In terms of video, the RX100 VI offers 4K video at up to 25fps, including full pixel readout. There’s a whole bunch of advanced features for those that need it, like Hybrid Log-Gamma for HDR recording, and super-slow motion video. All of this makes it infuriating that there’s no way to plug in an external microphone, though.
Overall, if you’re somebody who wants to be able to take great pictures just as often as video - and you’re not too worried about sound quality - the RX100 VI is almost the perfect offering. A very high price, though.
Here’s another model that has been designed with vloggers directly in mind.
Based on the great all-rounder, the G9, the G90 features a 20.1 megapixel Four Thirds sensor which is supported by a well-established ecosystem that contains a huge array of lenses and accessories.
4K video is available at up to 30p, while Full HD can also be shot at up to 60p, with great video features including full-time AF, a high-speed video mode for recording slow-motion video and the option to output via HDMI.
There’s also V-Log L mode, which is included as standard (previous models have required a paid-for download), which helps create a greater dynamic range when working with video in post-production. There’s also headphone and microphone sockets, which is a good indicator at just how video-centric the camera is.
The G90’s body is DSLR-shaped, so it’s quite big - but the overall system of lenses is much smaller than you’d find from anything equivalent.
If your vlogging encompasses a little more than just telling us about your latest shopping spree, breakfast or your general day-to-day thoughts, then you might want to think about picking up something high-end which is specifically tailored towards videomaking.
If that’s the case, then the Panasonic GH5S could be the one for you. We haven’t got room here to go in-depth into the vast plethora of video features the GH5S offers, but as an overview, there’s 4K video recording at 50/60p, Cinema 4K aspect ratio and a sensor which offers a fast readout speed. Further features include unlimited video recording time, HDMI output, V-LogL mode, up to 10x slow motion and more besides.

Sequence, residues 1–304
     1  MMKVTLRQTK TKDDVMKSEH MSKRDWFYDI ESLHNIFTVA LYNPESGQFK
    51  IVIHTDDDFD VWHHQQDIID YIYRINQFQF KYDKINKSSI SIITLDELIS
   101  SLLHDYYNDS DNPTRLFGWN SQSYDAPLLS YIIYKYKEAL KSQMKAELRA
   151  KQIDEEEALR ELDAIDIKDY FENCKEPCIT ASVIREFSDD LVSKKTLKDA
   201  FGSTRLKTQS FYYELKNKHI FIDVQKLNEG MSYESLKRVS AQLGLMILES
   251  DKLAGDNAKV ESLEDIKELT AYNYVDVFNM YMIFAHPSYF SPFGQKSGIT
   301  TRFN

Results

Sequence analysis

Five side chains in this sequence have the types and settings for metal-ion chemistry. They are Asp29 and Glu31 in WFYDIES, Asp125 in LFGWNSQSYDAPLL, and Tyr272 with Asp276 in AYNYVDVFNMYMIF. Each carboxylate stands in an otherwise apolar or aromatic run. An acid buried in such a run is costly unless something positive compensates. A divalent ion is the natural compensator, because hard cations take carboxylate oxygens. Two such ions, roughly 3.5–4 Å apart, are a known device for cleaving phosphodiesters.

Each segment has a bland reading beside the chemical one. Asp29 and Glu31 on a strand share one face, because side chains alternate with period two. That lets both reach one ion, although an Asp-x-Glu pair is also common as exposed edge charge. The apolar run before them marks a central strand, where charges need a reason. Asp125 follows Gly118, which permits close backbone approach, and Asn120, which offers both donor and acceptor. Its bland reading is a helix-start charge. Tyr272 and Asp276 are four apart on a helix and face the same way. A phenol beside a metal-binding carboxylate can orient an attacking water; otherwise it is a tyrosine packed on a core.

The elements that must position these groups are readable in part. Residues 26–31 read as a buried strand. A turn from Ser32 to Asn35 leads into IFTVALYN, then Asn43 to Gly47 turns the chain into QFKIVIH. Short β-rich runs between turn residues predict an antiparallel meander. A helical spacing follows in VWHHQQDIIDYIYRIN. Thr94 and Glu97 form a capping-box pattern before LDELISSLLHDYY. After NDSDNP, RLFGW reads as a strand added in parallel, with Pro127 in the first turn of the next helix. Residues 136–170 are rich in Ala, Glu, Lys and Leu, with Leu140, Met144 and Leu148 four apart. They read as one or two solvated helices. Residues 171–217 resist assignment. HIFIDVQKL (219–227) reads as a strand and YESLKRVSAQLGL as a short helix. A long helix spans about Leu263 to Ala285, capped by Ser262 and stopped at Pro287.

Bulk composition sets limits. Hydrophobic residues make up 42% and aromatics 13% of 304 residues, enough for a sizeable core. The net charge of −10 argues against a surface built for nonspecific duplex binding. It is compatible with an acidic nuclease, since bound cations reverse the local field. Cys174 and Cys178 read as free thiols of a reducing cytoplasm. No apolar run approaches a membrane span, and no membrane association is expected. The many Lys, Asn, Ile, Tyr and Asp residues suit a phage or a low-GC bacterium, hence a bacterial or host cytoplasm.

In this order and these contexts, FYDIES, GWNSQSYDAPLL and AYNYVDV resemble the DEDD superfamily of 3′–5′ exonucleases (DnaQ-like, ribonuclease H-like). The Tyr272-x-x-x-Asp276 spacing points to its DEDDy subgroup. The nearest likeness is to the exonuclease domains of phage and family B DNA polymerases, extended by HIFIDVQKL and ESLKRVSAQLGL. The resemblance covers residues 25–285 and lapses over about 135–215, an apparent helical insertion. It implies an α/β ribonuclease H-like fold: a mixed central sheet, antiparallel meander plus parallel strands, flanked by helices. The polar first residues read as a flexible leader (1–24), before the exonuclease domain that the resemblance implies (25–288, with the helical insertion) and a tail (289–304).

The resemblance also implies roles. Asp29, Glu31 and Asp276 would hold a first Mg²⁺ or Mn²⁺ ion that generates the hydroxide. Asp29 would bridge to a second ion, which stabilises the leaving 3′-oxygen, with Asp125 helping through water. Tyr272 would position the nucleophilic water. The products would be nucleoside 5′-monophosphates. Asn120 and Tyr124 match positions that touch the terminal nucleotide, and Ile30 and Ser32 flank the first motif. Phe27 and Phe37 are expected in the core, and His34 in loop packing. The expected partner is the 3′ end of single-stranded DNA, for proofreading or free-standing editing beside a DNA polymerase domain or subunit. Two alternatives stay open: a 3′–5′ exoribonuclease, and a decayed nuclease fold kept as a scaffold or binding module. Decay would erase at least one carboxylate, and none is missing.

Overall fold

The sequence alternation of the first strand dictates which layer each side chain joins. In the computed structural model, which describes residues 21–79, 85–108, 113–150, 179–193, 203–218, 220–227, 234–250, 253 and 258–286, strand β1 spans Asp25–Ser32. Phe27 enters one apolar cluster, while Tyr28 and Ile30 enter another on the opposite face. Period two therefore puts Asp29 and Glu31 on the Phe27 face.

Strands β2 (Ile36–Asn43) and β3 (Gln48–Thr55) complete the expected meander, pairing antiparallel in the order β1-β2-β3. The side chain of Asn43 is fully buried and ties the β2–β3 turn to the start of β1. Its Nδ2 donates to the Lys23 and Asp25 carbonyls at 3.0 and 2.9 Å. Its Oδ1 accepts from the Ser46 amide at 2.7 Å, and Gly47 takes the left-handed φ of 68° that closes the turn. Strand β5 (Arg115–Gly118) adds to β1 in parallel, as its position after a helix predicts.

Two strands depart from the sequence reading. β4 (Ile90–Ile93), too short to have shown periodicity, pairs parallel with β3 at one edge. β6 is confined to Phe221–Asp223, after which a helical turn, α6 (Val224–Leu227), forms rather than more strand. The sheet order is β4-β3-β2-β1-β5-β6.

Where it doesn’t excel is if you want to shoot stills - it can do it, but it’s not designed for that. So basically, instead of being a stills camera that can shoot the odd video, it’s a video camera that can shoot the odd still.
The most dominant force in the action-camera market, the latest from GoPro is the Hero 7 Black. It’s the ideal choice for vloggers who like to get a little bit rough and ready, doing all manner of things that the average camera wouldn’t cope with - such as mountain biking, surfing and so on.
Having been there at the start of the action camera craze, the amount of accessories available for GoPro is huge, so no matter what kind of mount you need, you should be able to find it.
There are other benefits to using a GoPro too, they’re small and neat and can be chucked in a bag ready to go. However, they’re not great for every kind of video - so you may want to supplement it with another camera if your needs are a bit more varied.
If you want something small, light and ready to grab video at any given moment - the DJI Osmo Pocket is the perfect device.
It can record 4K at up to 60fps, or Full HD up to 120p. It includes a gimbal for nicely stabilised images, and you can use it standalone, or plug it into your phone and control it via an app.
Using the Osmo Pocket is easy and straightforward, so you can get cracking it with it straightaway. There’s also a good set of accessories available, should you want to expand what you do with it at some point.
Looking for another angle for your vlogging? The DJI Mavic Air is a superb foldable and hugely portable drone that has 21 minutes of flight time and can deliver 4K footage from above, via a silky smooth 3-axis gimbal. It also comes packed with tech that makes securing quality video a real cinch.